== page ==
Primary Schools’ Parliamentary Convention
On Friday September 11, four Year 5 students were selected to attend the Primary Schools’ Parliamentary Convention. This was an initiative organised by Social Education Victoria (SEV) on behalf of Catholic Education Melbourne, Department of Education and Training and Independent Schools Victoria. Harry Coonan, Peter Orlando, William Richards and Daniel Van den Berg set off to spend the day at Parliament House in the Legislative Assembly chamber, being official parliamentarians for the day.
There were 22 schools invited to attend and the day was about students presenting ideas and discussing the issue — ‘Young peoples’ voices are not heard in Australian politics.’ Daniel was asked to give a two minute opening address about this topic and more specifically focused on ‘ways in which young people can voice their opinions and beliefs.’ The four students worked on this together and after a number of rehearsals and rewrites the speech was ready and exactly two minutes long (quite an achievement with so many ideas to share!).
These students had an amazing experience and had a first‐hand opportunity to spend time in the Parliament building and were all budding ministers. They had their say on the issue and were great ambassadors for the College. They were able to sum up their thinking about the issue and demonstrated great insight as young leaders. We are very proud of their achievements.
Thanks to Mr Ray Leetham who applied for this excellent opportunity. There were only five catholic schools selected so we are very pleased we were chosen. We have included Daniel’s opening address for your interest.
The question we are considering today is ‘Are young people’s voices heard in Australian politics’?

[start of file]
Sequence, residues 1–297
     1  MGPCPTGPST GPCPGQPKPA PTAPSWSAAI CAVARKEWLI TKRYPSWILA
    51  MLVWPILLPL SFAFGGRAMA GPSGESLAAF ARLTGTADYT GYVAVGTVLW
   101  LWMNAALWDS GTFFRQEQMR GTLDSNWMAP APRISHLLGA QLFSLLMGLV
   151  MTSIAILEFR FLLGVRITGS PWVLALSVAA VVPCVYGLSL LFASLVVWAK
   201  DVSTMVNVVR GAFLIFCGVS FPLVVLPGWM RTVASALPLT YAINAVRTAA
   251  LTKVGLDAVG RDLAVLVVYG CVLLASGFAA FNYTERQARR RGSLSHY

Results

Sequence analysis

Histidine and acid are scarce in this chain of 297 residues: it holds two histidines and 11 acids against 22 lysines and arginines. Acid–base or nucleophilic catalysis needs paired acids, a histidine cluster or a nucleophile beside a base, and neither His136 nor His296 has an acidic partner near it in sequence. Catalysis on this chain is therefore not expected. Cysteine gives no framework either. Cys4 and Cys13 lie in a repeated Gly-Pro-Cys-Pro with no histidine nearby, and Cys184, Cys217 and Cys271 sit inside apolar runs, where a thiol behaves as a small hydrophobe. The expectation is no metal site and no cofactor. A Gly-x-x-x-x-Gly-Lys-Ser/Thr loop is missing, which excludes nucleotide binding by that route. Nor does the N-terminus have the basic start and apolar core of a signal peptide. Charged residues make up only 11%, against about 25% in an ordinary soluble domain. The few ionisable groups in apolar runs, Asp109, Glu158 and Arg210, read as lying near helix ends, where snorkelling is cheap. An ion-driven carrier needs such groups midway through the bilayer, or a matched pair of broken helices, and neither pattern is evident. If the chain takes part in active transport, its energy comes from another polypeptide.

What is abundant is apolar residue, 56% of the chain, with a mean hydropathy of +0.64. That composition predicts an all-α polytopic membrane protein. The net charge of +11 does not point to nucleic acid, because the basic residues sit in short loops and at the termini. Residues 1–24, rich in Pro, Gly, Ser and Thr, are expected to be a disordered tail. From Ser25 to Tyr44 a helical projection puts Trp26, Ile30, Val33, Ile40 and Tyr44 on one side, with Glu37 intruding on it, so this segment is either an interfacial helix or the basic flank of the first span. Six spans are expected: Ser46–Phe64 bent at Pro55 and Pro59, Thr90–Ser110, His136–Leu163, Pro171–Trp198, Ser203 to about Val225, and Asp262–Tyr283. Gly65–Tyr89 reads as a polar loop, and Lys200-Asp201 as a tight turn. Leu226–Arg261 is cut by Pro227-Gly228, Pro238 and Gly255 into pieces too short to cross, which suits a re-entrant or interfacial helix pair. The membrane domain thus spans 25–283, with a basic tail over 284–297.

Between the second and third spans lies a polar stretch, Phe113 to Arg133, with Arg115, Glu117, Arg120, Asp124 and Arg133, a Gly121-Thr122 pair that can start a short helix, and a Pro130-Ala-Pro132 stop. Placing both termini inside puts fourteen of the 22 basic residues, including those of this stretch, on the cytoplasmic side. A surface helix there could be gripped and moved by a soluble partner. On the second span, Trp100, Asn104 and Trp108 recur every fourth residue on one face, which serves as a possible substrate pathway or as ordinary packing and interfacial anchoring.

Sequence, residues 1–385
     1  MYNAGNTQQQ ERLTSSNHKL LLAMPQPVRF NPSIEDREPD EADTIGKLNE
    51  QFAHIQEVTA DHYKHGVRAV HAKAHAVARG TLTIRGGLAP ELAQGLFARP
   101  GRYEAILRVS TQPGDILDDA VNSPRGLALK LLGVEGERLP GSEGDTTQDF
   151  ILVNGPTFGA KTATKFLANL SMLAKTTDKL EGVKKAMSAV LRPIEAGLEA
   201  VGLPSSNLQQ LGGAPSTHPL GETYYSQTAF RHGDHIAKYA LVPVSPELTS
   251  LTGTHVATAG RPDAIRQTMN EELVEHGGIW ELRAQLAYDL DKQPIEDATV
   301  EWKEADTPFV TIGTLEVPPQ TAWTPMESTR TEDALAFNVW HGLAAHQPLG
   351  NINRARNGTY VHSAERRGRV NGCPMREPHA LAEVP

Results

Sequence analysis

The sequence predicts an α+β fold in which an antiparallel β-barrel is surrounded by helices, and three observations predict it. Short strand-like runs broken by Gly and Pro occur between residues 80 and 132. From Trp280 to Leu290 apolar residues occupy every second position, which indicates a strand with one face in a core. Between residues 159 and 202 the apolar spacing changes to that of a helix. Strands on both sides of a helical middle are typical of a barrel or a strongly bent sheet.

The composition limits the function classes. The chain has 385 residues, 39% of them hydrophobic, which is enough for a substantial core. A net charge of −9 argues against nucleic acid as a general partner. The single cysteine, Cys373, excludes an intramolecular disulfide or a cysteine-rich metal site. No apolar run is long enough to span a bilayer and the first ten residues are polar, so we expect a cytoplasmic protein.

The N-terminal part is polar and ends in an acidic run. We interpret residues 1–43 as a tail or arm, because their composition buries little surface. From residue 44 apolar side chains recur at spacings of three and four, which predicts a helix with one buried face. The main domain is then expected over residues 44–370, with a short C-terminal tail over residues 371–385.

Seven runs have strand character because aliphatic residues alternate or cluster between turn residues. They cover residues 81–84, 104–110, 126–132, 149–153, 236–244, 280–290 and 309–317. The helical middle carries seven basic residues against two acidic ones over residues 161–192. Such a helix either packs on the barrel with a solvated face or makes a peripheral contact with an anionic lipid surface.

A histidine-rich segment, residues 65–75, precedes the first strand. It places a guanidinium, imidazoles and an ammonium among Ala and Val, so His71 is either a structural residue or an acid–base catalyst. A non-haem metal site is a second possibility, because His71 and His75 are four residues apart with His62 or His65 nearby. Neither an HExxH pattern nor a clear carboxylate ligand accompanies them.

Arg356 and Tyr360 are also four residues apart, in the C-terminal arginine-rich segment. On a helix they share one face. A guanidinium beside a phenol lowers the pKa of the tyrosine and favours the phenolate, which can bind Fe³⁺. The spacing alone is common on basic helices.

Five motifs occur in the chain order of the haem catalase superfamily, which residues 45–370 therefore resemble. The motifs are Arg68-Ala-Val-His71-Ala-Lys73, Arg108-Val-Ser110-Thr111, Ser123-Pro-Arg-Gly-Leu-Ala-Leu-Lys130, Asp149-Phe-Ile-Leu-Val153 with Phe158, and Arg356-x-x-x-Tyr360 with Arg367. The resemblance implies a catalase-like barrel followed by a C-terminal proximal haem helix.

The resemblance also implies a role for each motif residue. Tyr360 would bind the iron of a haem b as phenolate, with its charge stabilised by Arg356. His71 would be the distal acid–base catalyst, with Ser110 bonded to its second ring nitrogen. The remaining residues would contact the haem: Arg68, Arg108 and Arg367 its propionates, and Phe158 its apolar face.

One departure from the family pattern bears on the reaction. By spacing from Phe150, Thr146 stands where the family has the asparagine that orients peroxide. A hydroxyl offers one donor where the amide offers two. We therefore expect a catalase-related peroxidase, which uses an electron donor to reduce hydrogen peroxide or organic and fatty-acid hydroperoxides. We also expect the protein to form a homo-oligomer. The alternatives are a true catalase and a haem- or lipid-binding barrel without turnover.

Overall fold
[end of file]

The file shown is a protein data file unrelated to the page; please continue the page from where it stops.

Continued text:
I have looked at the issue of ‘ways in which young people can voice their opinions and beliefs’. I firmly believe that young people have some opportunities however our voices are not yet being heard within Australian politics. It is important to empower young people because we will be the future leaders and decision makers of this country.
We can make contact with our local, state and federal members to attempt to make changes although we are not sure if our opinions go further.
At school we can have our say by voting for our school and class captains. The person voted in represents our whole class in making choices and leading the group. We also support our school Lasallian charity through the ‘Mission Action Day — MAD’. We have a say in what the money raised is used for. Our voices definitely make a difference!
Social media is a very powerful voice that can alert millions of people. Within seconds images or words can set off actions leading to online campaigns where people share opinions or sign petitions to send a direct message to the leaders of our country.
YouTube is also a great way for us to communicate our opinions globally. I think about Malala, the youngest Nobel Peace Prize recipient, and her bravery in fighting for her cause. Her powerful message to young people worldwide was shared via technology.
Rallies that are taking place across the country for asylum seekers and refugees is another way for us to influence decisions and record our vote.
In conclusion, I believe that there are some ways in which young people can voice opinions and beliefs however if we all work together, especially with those who areable to vote, we can make a difference so our voices will be heard in Australian politics.Thank you.
Mrs Anette Phillips
Director of Primary